It seems a common misconception that the Vikings did not get down to Devon and Cornwall much but clearly that is untrue.
At our monthly meeting on 21st March, Derek Gore from the University of Exeter gave us an interesting insight into the Viking Invasion from as early as the first Viking age during 789 – 924.
In 836 it is recorded that King Egbert fought 35 ship loads at Carhampton but sadly lost many of his soldiers to the Vikings who were eventually defeated and withdrew. Why Carhampton? We learnt that the Vikings invaded places that were known to have great wealth i.e. monasteries, royal residences etc. The Vikings were only interested in portable wealth they could take back on their ships and were particularly drawn to silver which was easily melted down and made into jewellery. Leaders would share the spoils of war with their soldiers as payment. This wasn’t always a fair means of distributing the gains as they had no scales to assist them.
The second invasion recorded was at a place called Wicganbeorg which some believe could be Weekaborough in the district of Torbay. Did the Vikings land at Torquay? To date there has been no archaeological evidence of a battle in that area. Both invasions were recorded in the English Annals.
The second Viking Age was 980 to 1069 and lasted up to the Battle of Hastings. Led by the Kings of Denmark and Norway, they were keen to become Kings of England.
In all, three quarters of England were successfully infiltrated by the Vikings, but King Alfred the Great saved the day by holding strong with Wessex. He was succeeded by his son King Edward the Elder who posted lookouts along the coastline of the Bristol Channel to evade any further invasions.
In 1001 the invaders attacked Teignton (now known as Kingsteignton) but it is recorded that peace was then made, probably due to being bought off by vast quantities of coins and silver, and they set sail back to Scandinavia. Interestingly, they sailed past Dawlish which clearly did not hold much attraction to the Vikings. Exeter had less luck and the Vikings did land and ransacked the entire settlement before continuing on their journey back to their homeland.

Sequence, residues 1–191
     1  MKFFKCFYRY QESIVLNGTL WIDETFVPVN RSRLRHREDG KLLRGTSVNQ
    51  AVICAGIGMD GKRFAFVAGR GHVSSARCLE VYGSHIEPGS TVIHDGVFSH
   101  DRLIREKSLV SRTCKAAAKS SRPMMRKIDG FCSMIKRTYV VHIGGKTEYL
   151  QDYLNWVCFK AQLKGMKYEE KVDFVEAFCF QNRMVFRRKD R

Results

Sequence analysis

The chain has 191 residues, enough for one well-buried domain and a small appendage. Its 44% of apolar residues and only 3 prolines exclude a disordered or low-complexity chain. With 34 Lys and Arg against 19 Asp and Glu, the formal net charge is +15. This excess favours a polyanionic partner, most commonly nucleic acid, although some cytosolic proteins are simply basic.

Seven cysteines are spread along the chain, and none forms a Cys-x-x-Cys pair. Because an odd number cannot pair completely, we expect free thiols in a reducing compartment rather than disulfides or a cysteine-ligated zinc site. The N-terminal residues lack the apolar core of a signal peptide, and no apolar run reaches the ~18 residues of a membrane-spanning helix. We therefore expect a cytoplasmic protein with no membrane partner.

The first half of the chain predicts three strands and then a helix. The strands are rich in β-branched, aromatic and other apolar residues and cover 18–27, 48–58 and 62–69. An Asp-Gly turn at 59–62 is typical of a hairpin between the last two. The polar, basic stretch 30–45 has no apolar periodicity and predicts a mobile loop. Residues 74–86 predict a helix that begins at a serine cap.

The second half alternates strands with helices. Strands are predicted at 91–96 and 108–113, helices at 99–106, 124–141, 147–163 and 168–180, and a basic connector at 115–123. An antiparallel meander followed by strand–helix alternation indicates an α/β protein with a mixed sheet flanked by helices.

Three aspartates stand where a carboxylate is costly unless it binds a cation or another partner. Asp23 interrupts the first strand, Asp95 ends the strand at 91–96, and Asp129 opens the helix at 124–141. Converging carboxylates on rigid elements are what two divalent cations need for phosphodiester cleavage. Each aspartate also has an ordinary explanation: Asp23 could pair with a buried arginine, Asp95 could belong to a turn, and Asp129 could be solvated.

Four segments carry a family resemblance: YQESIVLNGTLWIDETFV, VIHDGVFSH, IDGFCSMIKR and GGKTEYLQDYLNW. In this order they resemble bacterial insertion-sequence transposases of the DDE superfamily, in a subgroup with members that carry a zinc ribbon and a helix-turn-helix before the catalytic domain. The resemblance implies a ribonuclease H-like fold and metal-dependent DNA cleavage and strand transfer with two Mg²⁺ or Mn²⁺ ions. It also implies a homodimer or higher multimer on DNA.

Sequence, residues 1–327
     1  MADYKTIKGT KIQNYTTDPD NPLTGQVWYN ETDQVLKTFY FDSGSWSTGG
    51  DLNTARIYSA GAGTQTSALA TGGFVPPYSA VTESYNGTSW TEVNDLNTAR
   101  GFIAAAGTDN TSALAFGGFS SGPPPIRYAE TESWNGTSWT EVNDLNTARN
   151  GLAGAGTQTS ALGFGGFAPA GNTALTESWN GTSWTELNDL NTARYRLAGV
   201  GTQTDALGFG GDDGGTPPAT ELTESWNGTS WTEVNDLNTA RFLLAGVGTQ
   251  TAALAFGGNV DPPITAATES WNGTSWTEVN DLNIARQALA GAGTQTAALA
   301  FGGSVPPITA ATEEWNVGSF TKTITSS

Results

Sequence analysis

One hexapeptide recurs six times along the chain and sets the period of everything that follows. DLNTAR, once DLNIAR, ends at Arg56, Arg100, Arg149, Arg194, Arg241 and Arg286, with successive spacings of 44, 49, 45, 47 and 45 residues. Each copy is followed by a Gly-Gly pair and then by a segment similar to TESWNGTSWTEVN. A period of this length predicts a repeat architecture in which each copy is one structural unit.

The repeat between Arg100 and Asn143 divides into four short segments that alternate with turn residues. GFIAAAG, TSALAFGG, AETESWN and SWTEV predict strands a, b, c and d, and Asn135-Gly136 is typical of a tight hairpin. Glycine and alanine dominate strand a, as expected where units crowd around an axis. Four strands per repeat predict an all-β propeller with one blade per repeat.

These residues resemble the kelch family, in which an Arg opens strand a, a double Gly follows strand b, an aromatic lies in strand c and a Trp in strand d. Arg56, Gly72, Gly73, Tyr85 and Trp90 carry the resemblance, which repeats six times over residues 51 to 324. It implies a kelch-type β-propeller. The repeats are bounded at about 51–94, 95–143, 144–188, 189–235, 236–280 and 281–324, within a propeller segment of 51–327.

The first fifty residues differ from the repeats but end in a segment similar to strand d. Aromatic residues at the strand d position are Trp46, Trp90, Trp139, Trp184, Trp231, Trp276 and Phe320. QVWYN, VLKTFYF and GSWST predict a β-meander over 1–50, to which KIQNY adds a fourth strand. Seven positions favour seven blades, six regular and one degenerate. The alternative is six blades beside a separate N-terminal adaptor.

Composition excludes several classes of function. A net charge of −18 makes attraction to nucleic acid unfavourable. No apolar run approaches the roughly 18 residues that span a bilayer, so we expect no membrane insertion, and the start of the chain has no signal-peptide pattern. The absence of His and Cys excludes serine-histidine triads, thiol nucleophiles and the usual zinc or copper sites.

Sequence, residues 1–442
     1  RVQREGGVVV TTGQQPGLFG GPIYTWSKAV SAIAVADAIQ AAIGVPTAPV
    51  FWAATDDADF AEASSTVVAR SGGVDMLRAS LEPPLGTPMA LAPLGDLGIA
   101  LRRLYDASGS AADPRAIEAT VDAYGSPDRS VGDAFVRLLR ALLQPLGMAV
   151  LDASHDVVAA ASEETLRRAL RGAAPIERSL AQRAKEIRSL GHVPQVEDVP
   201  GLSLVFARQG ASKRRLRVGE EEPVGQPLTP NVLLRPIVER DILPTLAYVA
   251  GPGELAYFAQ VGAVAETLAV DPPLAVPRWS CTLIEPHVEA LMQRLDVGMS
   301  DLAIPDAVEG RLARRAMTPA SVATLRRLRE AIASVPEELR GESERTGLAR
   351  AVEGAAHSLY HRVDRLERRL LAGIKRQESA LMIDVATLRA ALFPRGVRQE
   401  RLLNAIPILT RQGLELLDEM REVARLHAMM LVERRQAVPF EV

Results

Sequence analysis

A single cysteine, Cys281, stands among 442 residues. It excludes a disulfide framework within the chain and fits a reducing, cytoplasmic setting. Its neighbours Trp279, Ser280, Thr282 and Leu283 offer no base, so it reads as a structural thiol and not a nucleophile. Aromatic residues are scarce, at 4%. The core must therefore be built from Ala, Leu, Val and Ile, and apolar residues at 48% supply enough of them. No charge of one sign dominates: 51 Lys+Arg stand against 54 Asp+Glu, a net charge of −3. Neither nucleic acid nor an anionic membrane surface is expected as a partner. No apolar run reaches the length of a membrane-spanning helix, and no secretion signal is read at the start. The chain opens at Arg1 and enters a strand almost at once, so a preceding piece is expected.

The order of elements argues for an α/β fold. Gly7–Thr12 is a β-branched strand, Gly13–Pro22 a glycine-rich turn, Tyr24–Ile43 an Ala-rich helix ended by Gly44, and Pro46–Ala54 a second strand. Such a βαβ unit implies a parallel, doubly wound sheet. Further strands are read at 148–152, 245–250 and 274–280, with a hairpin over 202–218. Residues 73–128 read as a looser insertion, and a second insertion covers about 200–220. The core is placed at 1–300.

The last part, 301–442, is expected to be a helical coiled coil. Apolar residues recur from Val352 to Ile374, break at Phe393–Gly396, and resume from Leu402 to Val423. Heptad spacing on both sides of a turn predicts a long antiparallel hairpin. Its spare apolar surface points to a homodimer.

Evidence of Viking Settlements
Throughout these ages, many Vikings did choose to settle across England and became Christians. Evidence of this can be seen in churchyards with their distinctive stone carvings in the monuments
In North Yorkshire and Cumbria there are what are referred to as Hogback Stones which are stone sculptures found in churchyards. There are different styles found in Cornwall which suggest the Scandinavian influence and possible Settlement
Closer to home, in Copplestone, near Crediton, there is a stone monument believed to be of the Viking period and once again showing evidence of the Scandinavian period.
Items of jewellery discovered from Archaeological Digs include rings, amulets, jewellery cases and book covers, all with the intricate Viking design. Even a gold armlet obviously dropped by a Viking. The horses were not ignored either, several interesting pieces believed to be part of a horse harness have also been found, once again with the Scandinavian style.
Not forgetting placenames associated with this period – Sleep Isles now Isles of Scilly, or Lundy Isle, to name but a couple.
In summary, by the end of the 2nd Viking Age, Scandinavian landowners were prominent in Devon.
Finally, a heart-warming story from the Bodmin Gospel Book, which is believed to be the oldest book written in the Cornish language. It is also the oldest record of slavery in Anglo Saxon Britain. A woman called Elsigar purchased a Cornish female slave and her son from a Scandinavian and immediately gave them their freedom.
A worthy subject worth exploring more and our thanks to the excellent speaker.